Dead Balls and Destiny
Memory leaks in EVE are always difficult to debug. Because of the way our graphics engine and physics simulation interact, we actually rely on circular references. Also, by looking at specific objects you are invariably increasing the references to them, making them hang around longer.
A primer on Destiny:
Destiny: Our physics simulation system.
Balls: An atomic in our physics solution.
Behind the scenes we have these "Destiny balls" (yeah, I know) which we use to determine among other things the position and velocity of everything in space. We attach our graphics to the Destiny balls and rely on them being removed to clean up any related graphics assets. An example would be when ships explode or warp away.
During the fleet tests, we noticed that not all Destiny balls were being removed as expected and there were a lot of them left in memory, even though the ships they represented were gone. These extra Destiny balls exist only in the client and are commonly referred to as dead balls. Having these objects that we attach our graphics to hang around and never get cleaned up can obviously have a noticeable memory impact.
When you warp into a gate camp, aggressive ships are loaded before others to better help you realize what is going on. There was a bug in this part of the loading code that could result in multiple instances of graphics being added to the scene. When these ships were removed, only one of the instances was removed and the others were left behind. This meant that the extra graphics were referencing Destiny balls which were supposed to be gone, making them become dead balls. The error was not easy to spot, but thankfully easy to fix.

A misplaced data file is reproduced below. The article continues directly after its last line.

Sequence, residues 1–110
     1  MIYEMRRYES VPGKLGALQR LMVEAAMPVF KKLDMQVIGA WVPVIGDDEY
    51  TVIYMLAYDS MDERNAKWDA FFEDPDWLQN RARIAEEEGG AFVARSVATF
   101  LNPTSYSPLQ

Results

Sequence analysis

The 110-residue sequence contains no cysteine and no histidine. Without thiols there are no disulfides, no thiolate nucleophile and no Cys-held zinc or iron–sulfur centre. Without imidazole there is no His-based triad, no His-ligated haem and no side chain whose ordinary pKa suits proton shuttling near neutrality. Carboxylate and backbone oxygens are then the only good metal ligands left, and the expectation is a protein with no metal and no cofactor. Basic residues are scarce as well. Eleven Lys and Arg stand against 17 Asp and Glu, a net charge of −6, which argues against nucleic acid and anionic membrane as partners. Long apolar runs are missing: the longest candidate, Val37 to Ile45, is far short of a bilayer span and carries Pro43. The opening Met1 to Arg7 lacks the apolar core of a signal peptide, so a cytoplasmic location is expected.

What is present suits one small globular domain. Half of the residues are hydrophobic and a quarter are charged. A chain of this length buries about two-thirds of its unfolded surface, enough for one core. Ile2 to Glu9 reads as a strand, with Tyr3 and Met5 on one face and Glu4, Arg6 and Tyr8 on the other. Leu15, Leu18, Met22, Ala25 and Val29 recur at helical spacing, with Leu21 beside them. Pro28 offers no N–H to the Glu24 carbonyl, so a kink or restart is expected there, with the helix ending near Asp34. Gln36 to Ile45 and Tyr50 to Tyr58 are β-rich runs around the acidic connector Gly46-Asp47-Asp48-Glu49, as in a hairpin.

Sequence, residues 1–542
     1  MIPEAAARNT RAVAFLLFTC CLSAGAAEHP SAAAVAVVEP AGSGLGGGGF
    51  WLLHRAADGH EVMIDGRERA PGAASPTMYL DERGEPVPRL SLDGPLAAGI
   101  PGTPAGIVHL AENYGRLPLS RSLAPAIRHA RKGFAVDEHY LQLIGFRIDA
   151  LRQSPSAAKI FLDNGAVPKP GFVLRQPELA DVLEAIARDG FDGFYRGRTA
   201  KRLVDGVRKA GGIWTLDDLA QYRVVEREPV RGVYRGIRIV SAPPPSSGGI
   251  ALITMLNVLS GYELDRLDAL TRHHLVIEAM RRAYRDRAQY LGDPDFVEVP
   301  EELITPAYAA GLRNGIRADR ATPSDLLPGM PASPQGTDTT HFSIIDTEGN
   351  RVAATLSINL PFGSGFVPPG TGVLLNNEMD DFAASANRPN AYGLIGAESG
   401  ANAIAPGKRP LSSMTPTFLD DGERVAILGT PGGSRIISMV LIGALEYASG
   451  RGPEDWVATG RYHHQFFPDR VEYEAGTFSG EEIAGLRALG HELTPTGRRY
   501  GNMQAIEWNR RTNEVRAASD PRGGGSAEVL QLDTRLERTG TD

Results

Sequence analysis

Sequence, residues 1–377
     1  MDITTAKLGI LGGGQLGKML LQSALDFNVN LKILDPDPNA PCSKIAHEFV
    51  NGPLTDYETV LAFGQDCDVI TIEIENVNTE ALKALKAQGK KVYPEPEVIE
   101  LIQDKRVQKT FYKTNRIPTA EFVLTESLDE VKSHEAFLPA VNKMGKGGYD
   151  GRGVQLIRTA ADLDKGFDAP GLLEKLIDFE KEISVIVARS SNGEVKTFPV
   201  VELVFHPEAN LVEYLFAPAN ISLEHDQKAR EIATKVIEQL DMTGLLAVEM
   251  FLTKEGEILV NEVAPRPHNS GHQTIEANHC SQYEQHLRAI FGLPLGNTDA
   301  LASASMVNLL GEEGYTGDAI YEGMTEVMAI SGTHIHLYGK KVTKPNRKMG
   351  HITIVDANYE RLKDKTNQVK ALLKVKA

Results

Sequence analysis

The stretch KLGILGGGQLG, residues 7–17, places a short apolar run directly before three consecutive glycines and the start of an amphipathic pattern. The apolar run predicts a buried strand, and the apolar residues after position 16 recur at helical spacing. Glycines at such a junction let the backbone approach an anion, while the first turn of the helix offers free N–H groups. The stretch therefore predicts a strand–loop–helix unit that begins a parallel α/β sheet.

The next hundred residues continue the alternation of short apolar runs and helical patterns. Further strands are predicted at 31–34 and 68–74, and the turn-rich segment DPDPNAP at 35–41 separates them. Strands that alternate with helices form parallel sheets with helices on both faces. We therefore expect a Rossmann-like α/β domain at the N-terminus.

We have also changed the way Destiny removes Destiny balls so now there are no references back to the ball from the graphics when the ball is removed. The first mass test on these changes was on May 22 and the results were as we had hoped for, as no dead ball was discovered after a 200 ship fleet fight.
These changes were included in Tyrannis 1.0.2
During these Singularity tests, the top issues reported by players were that the overview was updating too frequently and felt too "jerky," and that the fleet window was causing client lag. Upon investigation, we found out that fleet changes were causing a lot more UI updates than were necessary. Every time a player joined or left your fleet, your flat fleet member list and the overview were reloaded, and, in addition, all the brackets were refreshed as well as all the overview entries.